Discovering neural underpinnings of age-related changes in perceptual and value-based decision-making
Anne K. Churchland, Ph.D. University of California, Los Angeles
Sandeep Robert Datta, M.D., Ph.D. Harvard Medical School
Beth Stevens, Ph.D. Boston Children’s Hospital
Bernardo Sabatini, M.D., Ph.D. Harvard Medical School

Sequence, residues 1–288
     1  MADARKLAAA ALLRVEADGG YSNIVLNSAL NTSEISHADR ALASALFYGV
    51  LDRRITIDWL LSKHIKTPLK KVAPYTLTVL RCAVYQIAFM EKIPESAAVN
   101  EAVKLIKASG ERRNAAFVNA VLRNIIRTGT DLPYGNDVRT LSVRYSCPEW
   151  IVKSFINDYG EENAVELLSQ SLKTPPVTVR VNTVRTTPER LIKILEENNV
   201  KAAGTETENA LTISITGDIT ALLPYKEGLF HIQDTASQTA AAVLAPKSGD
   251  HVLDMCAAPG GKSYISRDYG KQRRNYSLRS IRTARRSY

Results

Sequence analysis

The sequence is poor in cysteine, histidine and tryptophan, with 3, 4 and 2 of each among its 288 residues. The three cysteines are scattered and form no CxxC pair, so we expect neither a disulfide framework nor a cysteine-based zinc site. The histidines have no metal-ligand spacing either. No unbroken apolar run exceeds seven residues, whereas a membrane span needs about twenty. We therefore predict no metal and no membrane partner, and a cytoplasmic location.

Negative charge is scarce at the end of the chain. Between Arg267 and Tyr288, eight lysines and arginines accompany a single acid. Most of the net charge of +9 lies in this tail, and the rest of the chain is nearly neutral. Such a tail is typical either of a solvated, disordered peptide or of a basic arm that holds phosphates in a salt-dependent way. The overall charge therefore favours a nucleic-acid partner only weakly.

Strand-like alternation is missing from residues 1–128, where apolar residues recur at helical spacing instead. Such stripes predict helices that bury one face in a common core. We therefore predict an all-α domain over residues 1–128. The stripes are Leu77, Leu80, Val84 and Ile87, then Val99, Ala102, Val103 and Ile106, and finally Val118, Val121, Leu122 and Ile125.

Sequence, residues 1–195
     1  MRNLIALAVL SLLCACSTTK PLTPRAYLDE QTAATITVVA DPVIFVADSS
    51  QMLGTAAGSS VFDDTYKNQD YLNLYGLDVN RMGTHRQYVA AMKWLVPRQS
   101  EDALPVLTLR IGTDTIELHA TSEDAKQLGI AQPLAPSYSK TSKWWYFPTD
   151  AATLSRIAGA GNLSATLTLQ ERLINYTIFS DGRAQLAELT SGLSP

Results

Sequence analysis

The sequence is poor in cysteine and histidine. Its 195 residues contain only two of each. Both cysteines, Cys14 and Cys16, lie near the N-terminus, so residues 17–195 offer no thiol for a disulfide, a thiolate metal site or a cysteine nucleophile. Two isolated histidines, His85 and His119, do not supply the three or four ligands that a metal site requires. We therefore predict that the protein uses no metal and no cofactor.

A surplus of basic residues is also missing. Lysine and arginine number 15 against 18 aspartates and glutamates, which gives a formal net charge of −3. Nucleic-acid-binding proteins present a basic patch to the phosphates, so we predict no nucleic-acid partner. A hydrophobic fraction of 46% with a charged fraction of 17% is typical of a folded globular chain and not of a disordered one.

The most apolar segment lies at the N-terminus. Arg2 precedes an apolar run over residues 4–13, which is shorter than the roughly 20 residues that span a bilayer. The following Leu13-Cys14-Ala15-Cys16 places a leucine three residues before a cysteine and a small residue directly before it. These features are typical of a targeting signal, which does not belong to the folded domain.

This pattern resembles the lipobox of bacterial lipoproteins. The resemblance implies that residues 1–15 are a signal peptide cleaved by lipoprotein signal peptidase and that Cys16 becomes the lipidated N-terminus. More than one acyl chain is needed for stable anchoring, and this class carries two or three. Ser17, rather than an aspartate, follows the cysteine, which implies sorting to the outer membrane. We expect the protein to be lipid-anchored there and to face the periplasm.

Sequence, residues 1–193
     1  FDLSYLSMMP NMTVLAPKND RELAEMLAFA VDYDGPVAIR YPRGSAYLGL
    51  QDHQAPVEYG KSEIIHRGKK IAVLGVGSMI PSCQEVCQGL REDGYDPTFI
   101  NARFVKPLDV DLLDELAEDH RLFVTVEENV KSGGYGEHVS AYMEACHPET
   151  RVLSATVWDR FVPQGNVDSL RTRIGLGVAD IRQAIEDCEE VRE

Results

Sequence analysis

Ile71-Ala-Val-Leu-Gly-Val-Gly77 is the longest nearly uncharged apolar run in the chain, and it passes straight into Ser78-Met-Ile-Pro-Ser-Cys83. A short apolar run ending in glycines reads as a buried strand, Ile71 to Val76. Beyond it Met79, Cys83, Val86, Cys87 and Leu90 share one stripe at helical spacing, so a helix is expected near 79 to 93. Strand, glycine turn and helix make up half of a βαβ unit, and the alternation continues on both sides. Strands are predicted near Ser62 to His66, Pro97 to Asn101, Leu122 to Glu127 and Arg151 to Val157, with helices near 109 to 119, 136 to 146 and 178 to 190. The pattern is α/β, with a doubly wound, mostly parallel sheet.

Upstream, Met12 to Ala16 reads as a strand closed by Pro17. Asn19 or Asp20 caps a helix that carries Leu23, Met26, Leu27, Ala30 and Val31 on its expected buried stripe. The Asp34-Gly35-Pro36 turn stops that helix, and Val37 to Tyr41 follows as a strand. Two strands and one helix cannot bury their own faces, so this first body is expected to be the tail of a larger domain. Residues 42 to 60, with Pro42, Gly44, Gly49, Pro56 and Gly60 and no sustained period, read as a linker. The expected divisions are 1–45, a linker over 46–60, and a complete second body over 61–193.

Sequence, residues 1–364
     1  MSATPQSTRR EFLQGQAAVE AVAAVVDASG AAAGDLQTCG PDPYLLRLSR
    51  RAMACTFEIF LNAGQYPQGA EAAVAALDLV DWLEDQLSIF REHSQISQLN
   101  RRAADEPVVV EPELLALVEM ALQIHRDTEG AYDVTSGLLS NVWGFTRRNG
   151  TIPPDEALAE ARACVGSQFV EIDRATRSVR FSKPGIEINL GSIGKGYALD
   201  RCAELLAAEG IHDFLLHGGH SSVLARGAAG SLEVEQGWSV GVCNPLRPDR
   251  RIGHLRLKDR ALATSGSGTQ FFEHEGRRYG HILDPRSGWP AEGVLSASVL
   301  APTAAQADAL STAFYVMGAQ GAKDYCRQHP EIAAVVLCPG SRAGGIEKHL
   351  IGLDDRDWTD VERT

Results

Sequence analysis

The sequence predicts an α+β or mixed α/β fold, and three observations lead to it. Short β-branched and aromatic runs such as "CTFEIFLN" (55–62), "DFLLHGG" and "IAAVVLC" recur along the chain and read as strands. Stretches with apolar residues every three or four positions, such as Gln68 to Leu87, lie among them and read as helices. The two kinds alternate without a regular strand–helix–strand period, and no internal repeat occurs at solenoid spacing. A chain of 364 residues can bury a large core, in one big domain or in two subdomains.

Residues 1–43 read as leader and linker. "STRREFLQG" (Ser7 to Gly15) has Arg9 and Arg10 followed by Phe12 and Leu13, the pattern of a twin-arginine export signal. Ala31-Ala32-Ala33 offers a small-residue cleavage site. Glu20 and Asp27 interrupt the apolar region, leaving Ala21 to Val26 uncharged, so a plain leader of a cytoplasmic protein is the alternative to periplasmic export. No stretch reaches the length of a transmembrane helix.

Our ability to learn, remember and make decisions changes with age. Older mice, for example, take longer to learn new tasks and don’t perform as well as their younger counterparts. We aim to discover how the neural circuits that support learning, attention and decision-making evolve with age and how these changes contribute to age-related changes in behavior. Our hypothesis is that many age-related differences in behavior and learning capacity arise not from neurodegeneration but from active remodeling of neural circuits. To test this hypothesis, we will track age-related changes in mice all the way from gene expression to complex behavior. We will use an automated system to characterize spontaneous behavior and to measure learning and expert performance on two complementary tasks that have already been thoroughly tested in young adult animals. Next, we will measure and manipulate neural activity in both cortical and subcortical structures to determine which brain areas mirror changes in behavior and when these changes are most prominent during the life span. We will also track the synaptic, cellular and wiring changes that occur in these brain areas during healthy aging. In addition to exploring neural changes, we will examine how glial cells contribute to age-related decline. Previous research in our group has shown that a set of genes active in glia may drive some of these changes. We will determine if silencing these genes can prevent age-related decline in learning and decision-making. Taken together, these approaches will greatly advance our understanding of the neural underpinnings of age-related changes in synapses, circuits and behavior.